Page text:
Rock And Roll Music In The 1950's

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When rock and roll music emerged in the 1950’s, it carried a distinctive sound that captured the public’s attention. Stemming from the rhythm of the boogie-woogie blues from the 1930’s, rock and roll was heavily influenced by African Americans and quickly commercialized by white musicians which created the diversification of the genre and what it is today. In many cases people believe rock and roll unfairly robbed black artists of their music and contribution because of musicians such as Elvis Presley who received majority of the credit during the earlier years. In my opinion, I believe rock and roll partially robbed African Americans of their music in terms of initial credit, but that does not mean that white rock and rollers of the 1950’s,…show more content…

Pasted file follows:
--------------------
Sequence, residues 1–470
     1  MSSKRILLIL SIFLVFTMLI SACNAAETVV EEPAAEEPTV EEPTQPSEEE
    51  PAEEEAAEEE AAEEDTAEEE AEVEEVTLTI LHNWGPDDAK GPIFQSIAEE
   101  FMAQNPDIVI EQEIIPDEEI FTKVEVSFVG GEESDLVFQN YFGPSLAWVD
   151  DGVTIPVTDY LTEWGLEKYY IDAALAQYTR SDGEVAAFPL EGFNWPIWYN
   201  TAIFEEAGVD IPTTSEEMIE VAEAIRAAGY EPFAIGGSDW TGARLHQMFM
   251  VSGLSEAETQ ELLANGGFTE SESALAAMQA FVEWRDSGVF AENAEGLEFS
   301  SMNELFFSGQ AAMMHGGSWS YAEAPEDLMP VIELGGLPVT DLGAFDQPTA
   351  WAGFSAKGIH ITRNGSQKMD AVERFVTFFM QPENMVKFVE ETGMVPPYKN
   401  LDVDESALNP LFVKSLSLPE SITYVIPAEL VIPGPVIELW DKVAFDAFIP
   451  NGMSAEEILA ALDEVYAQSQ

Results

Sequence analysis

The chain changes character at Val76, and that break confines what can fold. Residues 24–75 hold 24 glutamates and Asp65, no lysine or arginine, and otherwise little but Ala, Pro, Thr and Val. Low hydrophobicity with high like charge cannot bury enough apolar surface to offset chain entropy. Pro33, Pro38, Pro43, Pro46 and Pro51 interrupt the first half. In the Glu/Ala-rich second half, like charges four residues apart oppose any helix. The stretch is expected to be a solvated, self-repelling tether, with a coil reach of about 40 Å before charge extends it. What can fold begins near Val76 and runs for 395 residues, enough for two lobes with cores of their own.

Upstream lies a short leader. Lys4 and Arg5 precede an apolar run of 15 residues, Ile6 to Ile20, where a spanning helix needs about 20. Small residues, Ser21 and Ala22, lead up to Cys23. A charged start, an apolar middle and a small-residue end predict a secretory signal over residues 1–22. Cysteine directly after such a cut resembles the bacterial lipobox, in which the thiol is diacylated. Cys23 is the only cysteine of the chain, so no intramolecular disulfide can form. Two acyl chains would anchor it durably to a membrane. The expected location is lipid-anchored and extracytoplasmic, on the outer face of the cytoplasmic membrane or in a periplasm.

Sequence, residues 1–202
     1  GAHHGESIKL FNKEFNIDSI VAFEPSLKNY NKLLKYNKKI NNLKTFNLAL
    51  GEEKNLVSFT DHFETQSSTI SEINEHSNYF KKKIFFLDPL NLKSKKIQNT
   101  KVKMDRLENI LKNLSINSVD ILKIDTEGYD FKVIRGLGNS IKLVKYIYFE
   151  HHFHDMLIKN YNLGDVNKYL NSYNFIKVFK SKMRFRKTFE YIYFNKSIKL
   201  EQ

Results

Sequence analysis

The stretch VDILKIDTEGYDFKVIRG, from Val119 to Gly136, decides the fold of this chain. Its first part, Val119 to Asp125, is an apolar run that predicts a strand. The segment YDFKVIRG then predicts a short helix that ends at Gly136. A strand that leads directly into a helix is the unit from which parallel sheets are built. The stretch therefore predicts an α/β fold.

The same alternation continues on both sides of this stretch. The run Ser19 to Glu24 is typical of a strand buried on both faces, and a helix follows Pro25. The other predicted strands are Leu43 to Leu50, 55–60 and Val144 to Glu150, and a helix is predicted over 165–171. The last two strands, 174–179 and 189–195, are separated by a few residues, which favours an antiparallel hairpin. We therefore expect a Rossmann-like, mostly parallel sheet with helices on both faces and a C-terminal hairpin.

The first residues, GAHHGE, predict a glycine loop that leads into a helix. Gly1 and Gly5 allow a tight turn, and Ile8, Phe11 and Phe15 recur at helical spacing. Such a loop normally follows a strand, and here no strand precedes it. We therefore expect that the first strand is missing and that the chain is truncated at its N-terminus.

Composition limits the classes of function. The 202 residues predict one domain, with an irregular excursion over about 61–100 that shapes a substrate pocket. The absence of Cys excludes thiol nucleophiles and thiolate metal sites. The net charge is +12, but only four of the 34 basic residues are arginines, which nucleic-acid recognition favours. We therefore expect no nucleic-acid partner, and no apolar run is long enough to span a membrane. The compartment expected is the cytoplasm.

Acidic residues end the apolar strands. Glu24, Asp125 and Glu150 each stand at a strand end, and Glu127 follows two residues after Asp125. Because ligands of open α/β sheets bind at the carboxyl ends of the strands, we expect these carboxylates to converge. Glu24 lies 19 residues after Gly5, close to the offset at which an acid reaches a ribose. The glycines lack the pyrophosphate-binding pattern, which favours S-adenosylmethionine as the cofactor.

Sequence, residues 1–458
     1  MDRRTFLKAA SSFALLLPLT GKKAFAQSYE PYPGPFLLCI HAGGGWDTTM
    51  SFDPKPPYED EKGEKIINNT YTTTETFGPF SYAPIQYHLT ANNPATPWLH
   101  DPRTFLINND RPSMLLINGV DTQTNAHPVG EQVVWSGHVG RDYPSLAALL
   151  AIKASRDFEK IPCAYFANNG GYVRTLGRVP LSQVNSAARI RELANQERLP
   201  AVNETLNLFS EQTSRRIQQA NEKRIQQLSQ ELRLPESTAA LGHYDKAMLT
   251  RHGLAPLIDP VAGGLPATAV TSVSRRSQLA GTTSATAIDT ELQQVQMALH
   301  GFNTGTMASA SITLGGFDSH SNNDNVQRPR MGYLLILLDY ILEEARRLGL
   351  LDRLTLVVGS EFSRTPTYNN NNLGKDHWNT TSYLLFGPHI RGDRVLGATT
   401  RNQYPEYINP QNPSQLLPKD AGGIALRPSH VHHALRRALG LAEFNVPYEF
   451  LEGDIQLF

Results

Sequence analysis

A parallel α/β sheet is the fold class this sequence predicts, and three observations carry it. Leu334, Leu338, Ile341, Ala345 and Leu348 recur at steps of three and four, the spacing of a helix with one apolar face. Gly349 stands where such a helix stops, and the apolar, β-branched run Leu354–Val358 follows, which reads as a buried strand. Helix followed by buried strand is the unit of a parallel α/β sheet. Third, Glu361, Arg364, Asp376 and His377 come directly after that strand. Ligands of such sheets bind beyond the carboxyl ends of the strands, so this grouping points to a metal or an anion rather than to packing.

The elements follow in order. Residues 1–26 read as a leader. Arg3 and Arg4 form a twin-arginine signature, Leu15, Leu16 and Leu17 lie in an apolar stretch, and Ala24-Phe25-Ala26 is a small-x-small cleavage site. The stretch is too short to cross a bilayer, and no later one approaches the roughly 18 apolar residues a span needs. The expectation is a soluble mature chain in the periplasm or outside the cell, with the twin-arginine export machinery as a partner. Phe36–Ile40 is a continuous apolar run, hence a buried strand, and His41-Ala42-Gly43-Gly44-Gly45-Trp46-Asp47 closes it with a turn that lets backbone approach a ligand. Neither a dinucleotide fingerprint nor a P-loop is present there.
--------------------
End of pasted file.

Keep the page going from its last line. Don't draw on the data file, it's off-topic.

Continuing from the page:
Although, eventually many of these black artists got the recognition they deserved later on in their careers or, unfortunately, after their death” (Erika Cox). Racism was certainly a large factor in the unfair ‘robbing’ of black artists and because of this, little to no compensation was given to men like Ike Turner or Arthur “Big Boy” Crudup, who wrote three songs that were later recorded by Elvis Presley and helped launch his successful career. At the same time, this did not stop African American artists from continuing to write music and gain recognition for their songs in the rock and roll industry. Artists such as Chuck Berry, Ray Charles, and B.B King enjoyed mainstream success during the 1950’s and aided black rock and roll musicians enter the homes of millions of American teenagers by performing on television shows hosted by Alan Freed, Ed Sullivan, and Dick Clark. “The success of both white and black rock and roll artists and the appropriation of the genre by the youth culture encouraged racial cooperation and shared experience” (Authentic

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